Why has Legend of the Werewolf been so hard to locate since it flopped in 1975? One’s gratitude in seeing Freddie Francis’ 1975 horror film pop up on Amazon Prime is muted by the dismal condition of the print; with other Cushing films like Horror Express and Scream and Scream Again so wonderfully restored, it’s a shame that Legend of the Werewolf is presented in Awful-o-vision. That said, there’s lots to enjoy here in this rare Tyburn production.
The setting is Paris, presented in a laughably cheap way by a couple of street-signs and a zoo entrance. It’s within this zoo that Etoile (David Rintoul) forges a bond with some wolves. Etoile was raised by feral wolves after they killed his parents at midnight on Christmas Eve; there’s a vaguely blasphemous nativity vibe to these early scenes. Etoile is drawn to the local brothel, a popular venue which the characters wander freely in and out of as if it was a rural fast-food outlet. Etoile’s master, a zookeeper named Zookeeper, is played with paint-stripping bluster by a post-Fagin Ron Moody; he fancies the local girls, and Etoile shares his passion, but this raised interest leads him to murderous rampages. Professor Paul Cantaflanque (Peter Cushing) is supposedly charged with disposing of the corpses, but in a pre-The Alienist move, launches his own forensic investigation as to who, or indeed what, is responsible.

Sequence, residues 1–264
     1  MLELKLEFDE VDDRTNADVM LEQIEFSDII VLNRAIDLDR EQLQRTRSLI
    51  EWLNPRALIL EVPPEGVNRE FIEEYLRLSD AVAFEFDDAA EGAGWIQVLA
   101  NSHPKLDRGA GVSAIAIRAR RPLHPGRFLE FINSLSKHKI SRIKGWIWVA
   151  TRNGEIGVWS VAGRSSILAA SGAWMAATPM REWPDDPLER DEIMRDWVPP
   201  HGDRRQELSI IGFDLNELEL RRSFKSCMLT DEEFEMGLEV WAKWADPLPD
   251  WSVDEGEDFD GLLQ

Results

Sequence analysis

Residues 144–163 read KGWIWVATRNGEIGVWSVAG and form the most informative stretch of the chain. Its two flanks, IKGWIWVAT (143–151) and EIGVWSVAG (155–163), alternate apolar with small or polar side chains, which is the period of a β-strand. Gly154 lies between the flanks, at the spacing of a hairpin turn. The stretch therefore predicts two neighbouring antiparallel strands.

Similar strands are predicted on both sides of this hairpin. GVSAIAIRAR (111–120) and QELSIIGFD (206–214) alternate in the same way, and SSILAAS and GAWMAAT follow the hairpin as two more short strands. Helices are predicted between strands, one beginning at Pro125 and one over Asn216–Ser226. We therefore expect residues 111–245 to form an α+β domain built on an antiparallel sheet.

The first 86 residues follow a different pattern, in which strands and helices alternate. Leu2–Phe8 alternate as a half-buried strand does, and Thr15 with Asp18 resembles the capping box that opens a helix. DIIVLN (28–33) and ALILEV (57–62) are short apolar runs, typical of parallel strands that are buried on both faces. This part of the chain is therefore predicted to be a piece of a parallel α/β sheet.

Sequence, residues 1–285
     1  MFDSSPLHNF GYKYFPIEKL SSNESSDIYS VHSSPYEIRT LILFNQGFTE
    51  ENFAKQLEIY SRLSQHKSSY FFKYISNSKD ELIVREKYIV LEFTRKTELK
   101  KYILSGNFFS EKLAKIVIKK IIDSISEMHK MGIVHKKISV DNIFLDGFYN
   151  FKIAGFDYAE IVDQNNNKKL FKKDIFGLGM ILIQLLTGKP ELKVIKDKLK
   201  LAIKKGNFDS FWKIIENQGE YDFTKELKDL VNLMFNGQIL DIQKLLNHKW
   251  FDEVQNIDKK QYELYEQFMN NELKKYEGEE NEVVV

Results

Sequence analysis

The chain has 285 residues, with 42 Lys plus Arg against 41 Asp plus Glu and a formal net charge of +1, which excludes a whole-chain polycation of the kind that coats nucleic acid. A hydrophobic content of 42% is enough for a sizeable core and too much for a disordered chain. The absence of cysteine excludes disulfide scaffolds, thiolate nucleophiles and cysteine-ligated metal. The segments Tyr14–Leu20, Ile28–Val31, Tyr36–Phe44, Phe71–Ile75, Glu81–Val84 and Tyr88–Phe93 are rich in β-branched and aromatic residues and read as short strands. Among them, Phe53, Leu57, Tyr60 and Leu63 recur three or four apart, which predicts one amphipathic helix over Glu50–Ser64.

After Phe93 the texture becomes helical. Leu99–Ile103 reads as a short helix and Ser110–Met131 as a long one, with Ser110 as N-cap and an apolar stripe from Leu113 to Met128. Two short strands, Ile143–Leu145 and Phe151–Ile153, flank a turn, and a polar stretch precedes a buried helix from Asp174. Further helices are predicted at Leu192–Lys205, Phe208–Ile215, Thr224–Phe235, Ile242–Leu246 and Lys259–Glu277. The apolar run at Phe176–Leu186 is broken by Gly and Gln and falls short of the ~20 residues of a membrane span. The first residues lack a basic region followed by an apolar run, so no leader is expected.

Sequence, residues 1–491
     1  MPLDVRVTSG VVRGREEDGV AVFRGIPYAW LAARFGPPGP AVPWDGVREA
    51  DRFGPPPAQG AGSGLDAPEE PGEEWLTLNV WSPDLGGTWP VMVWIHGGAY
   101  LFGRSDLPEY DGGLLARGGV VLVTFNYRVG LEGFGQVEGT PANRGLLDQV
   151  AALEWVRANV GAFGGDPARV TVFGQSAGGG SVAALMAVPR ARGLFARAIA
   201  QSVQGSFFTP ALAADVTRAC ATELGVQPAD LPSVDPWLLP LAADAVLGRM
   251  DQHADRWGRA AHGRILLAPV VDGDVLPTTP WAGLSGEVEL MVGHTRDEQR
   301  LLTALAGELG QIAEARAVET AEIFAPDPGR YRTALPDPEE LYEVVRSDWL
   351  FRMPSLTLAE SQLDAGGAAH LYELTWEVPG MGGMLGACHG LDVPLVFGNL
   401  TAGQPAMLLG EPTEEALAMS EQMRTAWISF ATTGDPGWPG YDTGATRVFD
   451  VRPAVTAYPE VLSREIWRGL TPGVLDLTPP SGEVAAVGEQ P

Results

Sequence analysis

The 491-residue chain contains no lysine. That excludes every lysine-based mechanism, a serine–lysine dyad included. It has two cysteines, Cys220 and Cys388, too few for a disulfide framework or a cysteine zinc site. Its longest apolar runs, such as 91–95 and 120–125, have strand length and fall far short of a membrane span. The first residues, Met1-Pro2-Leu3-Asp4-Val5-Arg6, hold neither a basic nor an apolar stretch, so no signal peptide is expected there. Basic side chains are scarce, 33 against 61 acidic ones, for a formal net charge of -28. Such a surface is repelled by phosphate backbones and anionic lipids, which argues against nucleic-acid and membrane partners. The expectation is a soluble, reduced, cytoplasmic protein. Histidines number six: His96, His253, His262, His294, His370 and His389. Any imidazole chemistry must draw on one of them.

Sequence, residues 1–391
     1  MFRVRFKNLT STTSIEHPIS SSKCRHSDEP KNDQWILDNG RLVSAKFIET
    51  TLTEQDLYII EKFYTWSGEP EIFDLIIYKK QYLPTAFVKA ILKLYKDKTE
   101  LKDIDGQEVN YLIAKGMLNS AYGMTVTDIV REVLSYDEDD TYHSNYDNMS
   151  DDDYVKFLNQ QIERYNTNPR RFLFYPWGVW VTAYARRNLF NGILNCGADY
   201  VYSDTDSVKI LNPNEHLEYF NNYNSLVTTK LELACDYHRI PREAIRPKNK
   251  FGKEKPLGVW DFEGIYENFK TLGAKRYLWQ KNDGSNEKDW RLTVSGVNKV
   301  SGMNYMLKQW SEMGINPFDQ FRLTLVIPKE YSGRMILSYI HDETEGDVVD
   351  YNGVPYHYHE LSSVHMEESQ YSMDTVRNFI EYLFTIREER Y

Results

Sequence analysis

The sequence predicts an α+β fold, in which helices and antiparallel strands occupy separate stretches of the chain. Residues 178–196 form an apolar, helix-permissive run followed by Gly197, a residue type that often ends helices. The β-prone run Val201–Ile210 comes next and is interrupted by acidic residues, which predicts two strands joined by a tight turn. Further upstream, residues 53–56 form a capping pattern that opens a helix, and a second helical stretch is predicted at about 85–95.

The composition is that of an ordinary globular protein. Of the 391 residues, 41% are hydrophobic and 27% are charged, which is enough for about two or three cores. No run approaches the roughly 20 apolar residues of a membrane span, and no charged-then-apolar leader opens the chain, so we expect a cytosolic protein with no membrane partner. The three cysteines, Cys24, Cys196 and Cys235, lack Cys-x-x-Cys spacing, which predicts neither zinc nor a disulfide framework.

Shot at Pinewood Studios, but with little in the way of spectacle, Legend of the Werewolf sees a number of Hammer staff jumping ship into a sinking life-boat. John Elder aka Anthony Hinds provides the script, while Roy Castle turns up as a photographer and Hugh Griffith as Etoile’s first mentor, an eccentric circus-owner. All are substantial pluses; the debit sheet is marked by the awful red filter that supposedly represent wolf-o-vision, the strange silver-fox make-up of the wolf, and Amazon’s laughable English-as-she-is-spoke subtitles, ranging from ‘He’s saving up his Sioux’ when the word required is sous, or such infelicities as “Exhausted?’ Yes, I must be getting (g)old!”
Other critics have pointed out that, despite the familiar presence of the likes of Michael Ripper, Legend of the Werewolf doesn’t feel like classic Hammer, and they’re right; the Tyburn experiment didn’t last long, with The Ghoul the only other major genre offering. But Cushing is a perfect centre, genial, serious, an unable to give a dull line-reading; he makes something special from a well-written character. Horror was already leaving such genteel stylings behind by 1975, but Francis’s film is something of a last gasp. Cushing presumably banked his cheque, thumbed through his freshly-delivered Star Wars script and wondered what was coming next…